After the boom comes the bust.
Freight shipments in the US across all modes of transportation – truck, rail, air, and barge – fell 5.3% in June compared to June last year, after having fallen 6.0% in May, the seventh month in a row of year-over-year declines, according to the Cass Freight Index for Shipments. This decline, along with other freight indicators, including orders for heavy trucks, now clearly outline the new Transportation Recession – number 2 since the Great Recession – in this very cyclical business:
In terms of freight traffic by rail, the Association of American Railroads (AAR) reported that in June overall, volume fell 6.3% from a year ago. The volume of intermodal freight – containers hauled by truck and then transferred to rail, or semi-truck trailers that piggyback on special rail cars – dropped 7.2% in June. For the first half, overall freight volume by rail was down 3.2%, with all segments in the red, except Petroleum and Petroleum Products, which was up 23%! Intermodal was down 3.3%.
The Cass Freight Index, which tracks shipments of consumer and industrial goods but not bulk commodities such as grains, has now fallen below the June 2014 level. June 2014 had set a record in shipments just before Transportation Recession 1 came along. The boom in 2018 broke the 2014 records, and by a big margin. And now the industry is back in its own recession.
In the stacked chart below of the Cass Freight Index, the red line denotes 2019 through June, which has now dipped below June 2014 (green line). Note how much of an outlier the boom of 2018 (black line at the top) had been, though it faded sharply at the end of last year:
Also today, FTR Transportation Intelligence reported that its Trucking Conditions Index for May fell deeper into the negative, the third month in a row in the red, from double-digit gains last year. The index tracks five key conditions in the truck market: Freight volumes, freight rates, fleet capacity, fuel price, and financing. A positive value “represents good, optimistic conditions,” FTR says. A negative value “represents bad, pessimistic conditions”:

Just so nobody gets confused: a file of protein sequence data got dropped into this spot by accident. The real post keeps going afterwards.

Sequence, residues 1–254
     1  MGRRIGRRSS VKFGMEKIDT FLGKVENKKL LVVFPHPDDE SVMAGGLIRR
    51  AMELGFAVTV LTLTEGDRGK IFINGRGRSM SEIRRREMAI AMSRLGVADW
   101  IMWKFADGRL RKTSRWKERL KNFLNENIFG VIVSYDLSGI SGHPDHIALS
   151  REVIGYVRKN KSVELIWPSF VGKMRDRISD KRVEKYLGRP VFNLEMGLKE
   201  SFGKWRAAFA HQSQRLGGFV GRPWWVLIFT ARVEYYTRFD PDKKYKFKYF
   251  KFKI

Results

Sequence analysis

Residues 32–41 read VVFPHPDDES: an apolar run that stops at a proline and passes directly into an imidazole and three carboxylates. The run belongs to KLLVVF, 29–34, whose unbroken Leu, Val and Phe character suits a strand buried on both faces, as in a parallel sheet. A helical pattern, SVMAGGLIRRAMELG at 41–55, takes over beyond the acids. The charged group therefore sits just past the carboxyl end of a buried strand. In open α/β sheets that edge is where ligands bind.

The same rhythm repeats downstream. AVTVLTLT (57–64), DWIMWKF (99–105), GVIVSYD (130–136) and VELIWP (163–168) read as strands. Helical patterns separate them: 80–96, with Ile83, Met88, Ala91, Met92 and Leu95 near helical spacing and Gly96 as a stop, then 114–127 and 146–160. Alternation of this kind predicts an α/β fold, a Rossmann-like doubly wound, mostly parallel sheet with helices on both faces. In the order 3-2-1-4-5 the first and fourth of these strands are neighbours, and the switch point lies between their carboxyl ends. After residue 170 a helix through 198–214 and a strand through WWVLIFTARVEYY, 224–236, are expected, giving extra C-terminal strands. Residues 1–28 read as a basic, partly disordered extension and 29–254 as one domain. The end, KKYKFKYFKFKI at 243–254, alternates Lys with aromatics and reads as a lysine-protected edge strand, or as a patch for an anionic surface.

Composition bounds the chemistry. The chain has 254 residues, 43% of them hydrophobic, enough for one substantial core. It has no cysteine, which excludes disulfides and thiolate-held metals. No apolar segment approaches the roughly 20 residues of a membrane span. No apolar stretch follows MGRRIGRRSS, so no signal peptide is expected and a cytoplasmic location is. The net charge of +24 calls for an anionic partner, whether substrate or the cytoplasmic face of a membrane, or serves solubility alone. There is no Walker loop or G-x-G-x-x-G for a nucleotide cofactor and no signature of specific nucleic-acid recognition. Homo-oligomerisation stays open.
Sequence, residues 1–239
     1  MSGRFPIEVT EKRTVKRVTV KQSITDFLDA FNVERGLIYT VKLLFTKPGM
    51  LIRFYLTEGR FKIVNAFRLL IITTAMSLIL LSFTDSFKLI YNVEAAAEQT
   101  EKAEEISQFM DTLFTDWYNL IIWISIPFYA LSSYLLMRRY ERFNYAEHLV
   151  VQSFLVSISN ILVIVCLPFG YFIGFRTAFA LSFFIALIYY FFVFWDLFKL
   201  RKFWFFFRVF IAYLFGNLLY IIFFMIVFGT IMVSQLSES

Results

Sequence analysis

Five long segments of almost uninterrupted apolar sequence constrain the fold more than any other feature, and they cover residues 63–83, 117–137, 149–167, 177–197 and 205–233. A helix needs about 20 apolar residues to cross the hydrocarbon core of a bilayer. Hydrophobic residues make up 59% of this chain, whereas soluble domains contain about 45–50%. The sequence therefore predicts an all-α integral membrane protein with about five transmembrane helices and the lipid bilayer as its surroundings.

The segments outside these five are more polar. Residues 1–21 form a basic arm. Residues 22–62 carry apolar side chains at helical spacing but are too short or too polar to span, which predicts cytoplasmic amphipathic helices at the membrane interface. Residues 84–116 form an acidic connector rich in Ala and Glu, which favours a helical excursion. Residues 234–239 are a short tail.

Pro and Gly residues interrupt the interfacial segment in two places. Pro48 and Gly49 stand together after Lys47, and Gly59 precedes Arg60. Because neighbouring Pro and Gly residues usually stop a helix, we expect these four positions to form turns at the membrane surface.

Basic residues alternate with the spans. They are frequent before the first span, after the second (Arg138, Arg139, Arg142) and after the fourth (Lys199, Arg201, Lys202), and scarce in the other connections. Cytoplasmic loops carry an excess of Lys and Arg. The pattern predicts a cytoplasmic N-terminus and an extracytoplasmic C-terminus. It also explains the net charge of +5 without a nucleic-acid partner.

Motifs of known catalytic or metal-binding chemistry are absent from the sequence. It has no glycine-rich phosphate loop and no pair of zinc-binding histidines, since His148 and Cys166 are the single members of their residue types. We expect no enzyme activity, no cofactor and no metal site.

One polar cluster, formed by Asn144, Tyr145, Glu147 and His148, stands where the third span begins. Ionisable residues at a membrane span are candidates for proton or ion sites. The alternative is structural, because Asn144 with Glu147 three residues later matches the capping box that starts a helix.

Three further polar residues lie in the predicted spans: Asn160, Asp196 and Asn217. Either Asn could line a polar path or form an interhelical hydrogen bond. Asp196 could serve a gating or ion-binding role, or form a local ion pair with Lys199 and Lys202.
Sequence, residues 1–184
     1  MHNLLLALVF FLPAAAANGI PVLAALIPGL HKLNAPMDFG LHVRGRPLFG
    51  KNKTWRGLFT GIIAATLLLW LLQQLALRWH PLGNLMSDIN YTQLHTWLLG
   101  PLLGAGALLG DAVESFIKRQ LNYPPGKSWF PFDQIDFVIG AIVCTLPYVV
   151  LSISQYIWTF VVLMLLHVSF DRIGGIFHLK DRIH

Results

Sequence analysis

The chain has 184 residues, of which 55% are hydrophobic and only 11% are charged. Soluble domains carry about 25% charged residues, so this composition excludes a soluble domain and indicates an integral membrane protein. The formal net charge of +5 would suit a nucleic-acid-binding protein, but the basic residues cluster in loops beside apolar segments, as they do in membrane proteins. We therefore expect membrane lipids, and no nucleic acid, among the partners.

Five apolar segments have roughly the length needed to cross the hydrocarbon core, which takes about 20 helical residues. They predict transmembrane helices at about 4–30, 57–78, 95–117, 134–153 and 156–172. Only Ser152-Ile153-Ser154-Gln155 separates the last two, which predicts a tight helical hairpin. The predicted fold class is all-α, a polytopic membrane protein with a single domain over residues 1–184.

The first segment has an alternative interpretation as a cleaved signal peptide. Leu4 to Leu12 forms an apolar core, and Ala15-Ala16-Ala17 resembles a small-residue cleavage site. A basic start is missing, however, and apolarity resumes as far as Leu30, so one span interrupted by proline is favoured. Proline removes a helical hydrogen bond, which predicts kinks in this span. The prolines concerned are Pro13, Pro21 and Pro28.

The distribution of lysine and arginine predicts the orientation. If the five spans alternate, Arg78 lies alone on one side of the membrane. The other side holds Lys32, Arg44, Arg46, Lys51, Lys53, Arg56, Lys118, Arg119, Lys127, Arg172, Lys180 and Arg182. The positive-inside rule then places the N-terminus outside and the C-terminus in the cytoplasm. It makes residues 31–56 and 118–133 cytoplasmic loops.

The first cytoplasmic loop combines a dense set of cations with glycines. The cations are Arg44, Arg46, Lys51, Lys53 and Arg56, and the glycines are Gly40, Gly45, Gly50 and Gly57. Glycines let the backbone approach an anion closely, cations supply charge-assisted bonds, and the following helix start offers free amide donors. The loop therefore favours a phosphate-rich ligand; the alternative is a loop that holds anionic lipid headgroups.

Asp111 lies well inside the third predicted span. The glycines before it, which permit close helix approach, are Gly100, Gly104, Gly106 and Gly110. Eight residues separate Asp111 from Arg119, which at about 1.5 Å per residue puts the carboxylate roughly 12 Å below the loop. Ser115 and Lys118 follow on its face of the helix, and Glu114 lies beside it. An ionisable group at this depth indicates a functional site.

“Most of the weakness is in the industrial sector, so trucking activity related to consumer demand should be relatively stronger than the rest of the industry,” explained Avery Vise, FTR’s VP of trucking.
One of the big industrial sectors is oil and gas drilling, and late last year, it entered the second oil bust since 2014, and now investment in the sector has slowed, even as production continues to surge. Another major industrial sector that has been in a downturn is residential construction. Industrial demand for transportation by truck shows up in demand for shipments by flatbed trailer. The DAT Flatbed Barometer, cited in the Cass Freight Index Report by Donald Broughton, has now completely unwound its historic spike of last year with a historic plunge (click to enlarge):
The average national spot rate for flatbed trailers, according to DAT Solutions, the largest truckload freight marketplace in the US, has fallen 18% in June from a year ago, to $2.30 a mile. The average spot rate for van trailers has also fallen 18% year-over-year, to $1.89 a mile.
Contract rates have started to tick down too, but not nearly as much, with van rates down 4.3% year-over-year and flatbed rates down 6.7%.
The plunge in spot rates impacts smaller trucking companies the most because they rely on the spot market. Contract rates mostly apply to larger trucking companies with major companies as clients. And the first batch of these smaller trucking companies are starting to fold.
On Thursday and Friday last week, news emerged that two more trucking companies had shut down. Less-than-truckload carrier LME Inc., headquartered in Roseville, Minnesota, with 30 delivery terminals in several states and hundreds of workers, suddenly shut down. And Timmerman Starlite Trucking in Ceres, near Modesto, California, which was specialized in transporting agricultural products and had 30 employees and 28 trucks, also suddenly shut down.
“We tried to provide a healthy work environment for our employees and give them the best wages and benefits we could,” said Starlite CEO Colby Bell, cited by the Ceres Courier. “But in the end, the rates that were available did not support the cost structure needed to compensate our employees appropriately.” He said that freight rates were about the same as 10 years ago, but costs have risen nearly 40% with additional regulations.
The transportation industry is very cyclical, with big ups and downs. After last year’s blistering boom comes the hangover. Some of that boom had to do with companies front-running potential tariffs and piling up inventories.
The last transportation recession, where the oil bust played a significant role, slowed down the overall economy, as services slowed as well, and in 2016, GDP grew only 1.6%, the lowest since the Great Recession but growth remained positive. So far this year, consumers and the services sector – which is far larger than the goods sector and includes the biggies of healthcare and finance – are holding up better than they’d done in 2016. But for the transportation sector, it will be tougher.
The cyclicality in trucking is also based on the classic mismatch in the timing of demand for transportation that creates a capacity crunch because there aren’t enough trucks, as it had done last year, that in turn creates a boom in orders of trucks. And when a few quarters later those trucks are being delivered, this is precisely when demand for transportation is starting to slow down, cycling the industry from capacity crunch to overcapacity in a very short time.
This mismatch is attested to by orders of heavy trucks that collapsed by about 70% year-over-year, even as sales of trucks that had been ordered last year rose to the highest level since 2006. Read… Truck Makers Are Going to Have to Fess Up Soon
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